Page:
The Believers: How America Fell for Bernard Madoff’s $65bn Investment Scam

This book brilliantly answers the "How?" question about Bernie Madoff and his giant Ponzi, or pyramid-selling, scheme. Madoff used a mixture of charm, arrogance and breathtaking cruelty. Adam LeBor does not, however, answer the "Why?" question. But, in fairness, I don't think anybody can.

Ponzi schemes, in which money from new investors is used to pay existing investors, must, in time, collapse; eventually they run out of new investors. Madoff knew this, but he ploughed on until his phantom fund had an apparent value of $65bn. He said he couldn't stop. But of course he could, and anyway, why did he start?

The scheme was primarily an "affinity fraud". Madoff, a Jew, targeted Jews. Many thought they were close friends; all thought he was charming and trustworthy. But as one wise Wall Street banker who saw through him advised, avoid anyone who uses his ethnicity as a sales pitch. Bernie played the Jew card at every opportunity and the Jews fell for it.

LeBor reconstructs the background that makes this at least partly understandable. On both sides, his parents' families arrived in the US - from Warsaw and Galicia - in the early 20th century. They were part of a huge wave of Jewish immigration that horrified the "Yekkes", the urban, professional Jews whose ancestry was at least a century more American.

At their worst, the despised newcomers formed a gangster class, now mythologised in literature and the movies. At their best, they were industrious, creative and determined to overcome both Jewish and Gentile anti-Semitism. Madoff was among the worst. "A financial criminal genius," LeBor calls him. I'm not sure about the genius bit, given that his greatest achievement, the mother of all Ponzis, was, in fact, plain stupid, a guaranteed loser. But "criminal" is indisputable and I'm not sure that "evil" should be left out of the equation.

Madoff's trick was, first, to be respectably successful. He created a huge trading business on two floors of the Lipstick Building in Manhattan. He was one of the pioneers of computerised trading and became chairman of the Nasdaq stock market. Wall Street old money still didn't like him. But his success meant they couldn't ignore him and, to the punters, he looked blue chip.

It was on another floor of the Lipstick that the Ponzi grew and grew. There, away from the eager secretaries and expensive suits, dwelled the remarkably uncouth Frank DiPascali and a remarkably ancient IBM computer in a glass case. This human-machine combination had one task: to invent millions of false share trades that would then appear on clients' statements. DiPascali treated customers like dirt, but when, offended, they rang Madoff, they were treated like royalty.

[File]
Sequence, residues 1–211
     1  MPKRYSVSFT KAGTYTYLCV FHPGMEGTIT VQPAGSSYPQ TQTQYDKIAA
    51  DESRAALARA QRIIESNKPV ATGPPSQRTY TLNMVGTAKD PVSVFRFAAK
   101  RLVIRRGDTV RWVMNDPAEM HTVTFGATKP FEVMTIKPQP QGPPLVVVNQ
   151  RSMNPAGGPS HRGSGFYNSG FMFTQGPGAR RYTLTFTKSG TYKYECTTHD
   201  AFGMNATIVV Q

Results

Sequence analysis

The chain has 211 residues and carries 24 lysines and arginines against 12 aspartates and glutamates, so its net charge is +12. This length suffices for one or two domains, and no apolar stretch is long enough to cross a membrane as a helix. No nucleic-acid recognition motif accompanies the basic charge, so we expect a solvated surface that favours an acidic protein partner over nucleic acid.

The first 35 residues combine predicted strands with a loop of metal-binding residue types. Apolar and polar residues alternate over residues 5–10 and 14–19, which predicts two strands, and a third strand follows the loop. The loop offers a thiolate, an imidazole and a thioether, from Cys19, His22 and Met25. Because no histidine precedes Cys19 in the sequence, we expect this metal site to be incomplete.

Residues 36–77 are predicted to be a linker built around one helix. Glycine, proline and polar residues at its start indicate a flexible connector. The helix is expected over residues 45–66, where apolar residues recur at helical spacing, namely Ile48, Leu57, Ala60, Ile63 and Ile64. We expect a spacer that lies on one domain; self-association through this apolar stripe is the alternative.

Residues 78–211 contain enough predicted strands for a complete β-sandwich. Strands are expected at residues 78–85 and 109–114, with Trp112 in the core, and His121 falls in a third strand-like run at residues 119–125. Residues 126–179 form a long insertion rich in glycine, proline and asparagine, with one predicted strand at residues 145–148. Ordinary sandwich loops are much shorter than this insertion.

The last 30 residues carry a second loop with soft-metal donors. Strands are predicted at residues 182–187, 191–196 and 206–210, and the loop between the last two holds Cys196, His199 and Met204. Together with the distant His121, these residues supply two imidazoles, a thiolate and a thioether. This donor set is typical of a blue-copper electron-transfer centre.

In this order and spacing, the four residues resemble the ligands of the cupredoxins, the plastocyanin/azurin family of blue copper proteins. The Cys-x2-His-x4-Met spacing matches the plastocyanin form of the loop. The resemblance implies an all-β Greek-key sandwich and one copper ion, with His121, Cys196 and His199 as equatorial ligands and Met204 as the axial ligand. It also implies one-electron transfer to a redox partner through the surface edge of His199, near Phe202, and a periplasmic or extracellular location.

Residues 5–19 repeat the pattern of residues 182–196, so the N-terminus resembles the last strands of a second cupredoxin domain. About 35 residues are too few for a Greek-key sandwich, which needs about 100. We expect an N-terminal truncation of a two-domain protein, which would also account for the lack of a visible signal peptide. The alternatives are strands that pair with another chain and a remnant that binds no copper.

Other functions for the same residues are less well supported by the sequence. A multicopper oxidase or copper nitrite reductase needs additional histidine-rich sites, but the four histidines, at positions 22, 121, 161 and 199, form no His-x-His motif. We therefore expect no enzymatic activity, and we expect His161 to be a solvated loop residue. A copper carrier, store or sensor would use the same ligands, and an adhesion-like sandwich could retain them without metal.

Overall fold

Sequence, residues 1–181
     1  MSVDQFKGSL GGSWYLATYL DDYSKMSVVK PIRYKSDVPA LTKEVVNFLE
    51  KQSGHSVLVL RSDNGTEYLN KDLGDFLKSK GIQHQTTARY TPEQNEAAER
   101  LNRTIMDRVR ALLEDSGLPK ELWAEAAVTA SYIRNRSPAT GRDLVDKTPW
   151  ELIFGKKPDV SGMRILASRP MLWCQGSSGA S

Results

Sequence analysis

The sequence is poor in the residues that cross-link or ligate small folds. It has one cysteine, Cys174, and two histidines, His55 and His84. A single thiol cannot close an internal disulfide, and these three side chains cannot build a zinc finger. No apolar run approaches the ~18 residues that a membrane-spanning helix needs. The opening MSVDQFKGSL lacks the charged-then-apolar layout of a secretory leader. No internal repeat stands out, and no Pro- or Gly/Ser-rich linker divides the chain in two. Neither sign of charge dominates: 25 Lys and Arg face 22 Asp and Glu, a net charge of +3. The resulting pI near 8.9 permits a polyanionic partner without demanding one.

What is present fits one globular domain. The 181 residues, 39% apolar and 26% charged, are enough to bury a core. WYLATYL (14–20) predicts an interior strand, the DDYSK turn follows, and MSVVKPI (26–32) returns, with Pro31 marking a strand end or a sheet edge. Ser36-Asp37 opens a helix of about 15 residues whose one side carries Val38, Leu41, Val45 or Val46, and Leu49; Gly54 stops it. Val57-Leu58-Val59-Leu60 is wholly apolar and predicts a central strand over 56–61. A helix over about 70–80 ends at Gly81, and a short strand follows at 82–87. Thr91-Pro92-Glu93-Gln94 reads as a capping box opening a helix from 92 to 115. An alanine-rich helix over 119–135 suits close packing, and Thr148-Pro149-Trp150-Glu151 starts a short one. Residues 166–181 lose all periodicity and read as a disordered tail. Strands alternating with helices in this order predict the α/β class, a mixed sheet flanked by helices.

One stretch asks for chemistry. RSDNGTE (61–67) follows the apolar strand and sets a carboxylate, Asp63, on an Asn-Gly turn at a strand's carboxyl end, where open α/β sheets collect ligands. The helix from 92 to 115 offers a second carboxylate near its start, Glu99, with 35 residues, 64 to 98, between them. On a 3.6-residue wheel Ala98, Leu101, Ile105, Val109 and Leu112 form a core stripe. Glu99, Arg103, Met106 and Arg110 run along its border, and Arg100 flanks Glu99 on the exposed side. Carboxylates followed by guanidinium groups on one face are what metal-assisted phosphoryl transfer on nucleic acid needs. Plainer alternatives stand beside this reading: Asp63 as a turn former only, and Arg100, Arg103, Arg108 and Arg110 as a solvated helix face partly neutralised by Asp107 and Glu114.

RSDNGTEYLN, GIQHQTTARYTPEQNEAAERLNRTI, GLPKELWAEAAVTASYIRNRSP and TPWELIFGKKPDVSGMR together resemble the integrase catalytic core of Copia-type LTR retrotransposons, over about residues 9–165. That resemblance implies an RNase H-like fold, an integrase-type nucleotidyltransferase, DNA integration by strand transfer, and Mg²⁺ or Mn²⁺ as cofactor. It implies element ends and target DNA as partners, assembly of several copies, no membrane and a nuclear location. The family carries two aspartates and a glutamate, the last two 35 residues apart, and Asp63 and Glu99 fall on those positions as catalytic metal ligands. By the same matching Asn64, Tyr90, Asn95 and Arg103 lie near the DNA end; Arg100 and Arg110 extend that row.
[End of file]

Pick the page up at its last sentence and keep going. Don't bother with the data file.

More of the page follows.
Word spread, first among the Jews of Manhattan, then among the Wasps of Connecticut, and finally down to the scented groves of Palm Beach, that Bernie's fund was delivering steady returns of 10-12 per cent, consistently beating the market. The entirely invented return figure was a neat touch. It was high enough to be tempting, but not so high as to be wholly implausible and, crucially, not so high as to bring the Ponzi crashing down in a few months.

But the fairly modest return was only the beginning of the scam. Madoff's next trick was to turn his fund into a cult. It was, people said, extremely difficult to join. He was either choosy about his customers or he simply was not accepting new business. Then, with a nod and a wink, people were magically accepted. In fact, in the most laughable - though pitiable - form of the scam, people were accepted in complete ignorance. The notorious "feeder" funds poured billions into Madoff without their investors knowing. Grand figures in Connecticut and Palm Beach, supposedly possessors of arcane knowledge, were simply financial thickos, taking money and handing it to Bernie.

The final piece of the jigsaw was official incompetence. The Securities and Exchange Commission could have nailed Madoff at almost any point in his final decade. Financial experts proved and documented beyond doubt the overwhelming likelihood that this was a Ponzi. One journalist, Erin Arvedlund of Barron's, pointed out that Madoff was running a gigantic hedge fund without charging fees or taking a cut of profits. He was forgoing, she worked out, $240m a year. Société Générale, the French bank, ran a "backtest" of his supposed investment strategy and found that it couldn't have worked. Fishy, no? The point is that greed, like sex, subverts rationality. Meanwhile, empty-headed snobbery - the desire to belong to the exclusive club - reinforces the illusion that there is some trick to life, some secret way of beating the odds.

It was the crash that destroyed Bernie's Ponzi. He lived by the market sword and died by it. Now he makes desk and door nameplates at a prison in South Carolina. The markets, meanwhile, have bounced back. House prices are rising, big bonuses are being paid and new scams are being hatched. I hate on principle to quote Brecht, but sometimes it's inevitable: "The bitch that bore him is in heat again."

 

The Believers: How America Fell for Bernard Madoff's $65bn Investment Scam
Adam LeBor
Weidenfeld & Nicolson, 304pp, £18.99

 

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